- White Dynomite, etc. For extra redundancy, the self-titled album makes Book Ends of the title song, starting with the song itself and ending with a short reprise of it.
- The 1975.
- Before Green Day was Green Day, they were Sweet Children. Somehow it's become a bit debatable when it was recorded and released, but they do have an EP called Sweet Children with a song called Sweet Children. It was released under the name Green Day, but it may have been recorded when they were still called Sweet Children. Even still, on one of their other first few E Ps they have a song called Green Day.
- Karp have an album that is actually titled Self-Titled LP.
- They Might Be Giants have a self-titled album, and a self-titled song on a different album (Flood). They also have a b-side compilation called Miscellaneous T, named after the section their music is usually shelved in at record stores.
- Zao has an album named [Self Titled].
- Queen Latifah released a Cover Album entitled The Dana Owens Album. Dana Owens is her real name.
- R.E.M. has a compilation album called Eponymous.
- The Living End has a song called "The Living End" on their first EP (Hellbound). Their first album was self-titled.
- Lampshaded by rap artist Lifeseeker (he did the theme song for the convicts in Dead Rising) with his debut album Self Titled Debut Album.
- Eminem's The Slim Shady LP, The Marshall Mathers LP, The Eminem Show, and The Marshall Mathers LP 2.
- Filter has an album called "Title of Record".
- Manowar have a self-titled song on their debut album, Battle Hymns.
- Likewise, Blitzkrieg's self-titled song appears on A Time of Changes.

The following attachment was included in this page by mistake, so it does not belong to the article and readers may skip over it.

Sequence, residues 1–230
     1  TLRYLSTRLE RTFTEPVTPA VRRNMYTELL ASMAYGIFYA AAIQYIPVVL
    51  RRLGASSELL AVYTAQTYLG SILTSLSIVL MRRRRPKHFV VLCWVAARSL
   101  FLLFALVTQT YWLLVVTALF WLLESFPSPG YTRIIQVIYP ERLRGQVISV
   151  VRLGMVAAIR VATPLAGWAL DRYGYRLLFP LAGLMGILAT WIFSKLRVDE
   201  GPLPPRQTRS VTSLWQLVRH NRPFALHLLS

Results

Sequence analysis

- Sledgehammer, another NWOBHM band, did this with their Blood on Their Hands album.
- Queen's song "Sheer Heart Attack" was not completed at the time that the album of the same name was released. It was eventually included three years later on "News Of The World".
- The Advantage have an album with the Pun-Based Title Elf-Titled.
- Black Sabbath released the album Heaven And Hell with Ronnie James Dio on vocals. In Later years, a lineup similar to what is on the album toured and released an album under the band name "Heaven And Hell". Additionally Black Sabbath albums including "Heaven And Hell" have been included in the "Heaven And Hell" discography making this retroactively a Self-Titled Album.
- The Tragically Hip made fun of this concept with the Greatest Hits album Hipeponymous.
- Aphex Twin has the Richard D. James Album, which is titled after his real name.
- Mindless Self Indulgence frontman Jimmy Urine released a solo album titled "Mindless Self Indulgence" a few years before the actual band was formed; it's now something of a sought-out item among fans, and copies sell for hundreds of dollars on eBay.
- NOFX punned on this by calling an album Self-Entitled.
- Metal band Ghost has it's first album, called Opus Eponymous.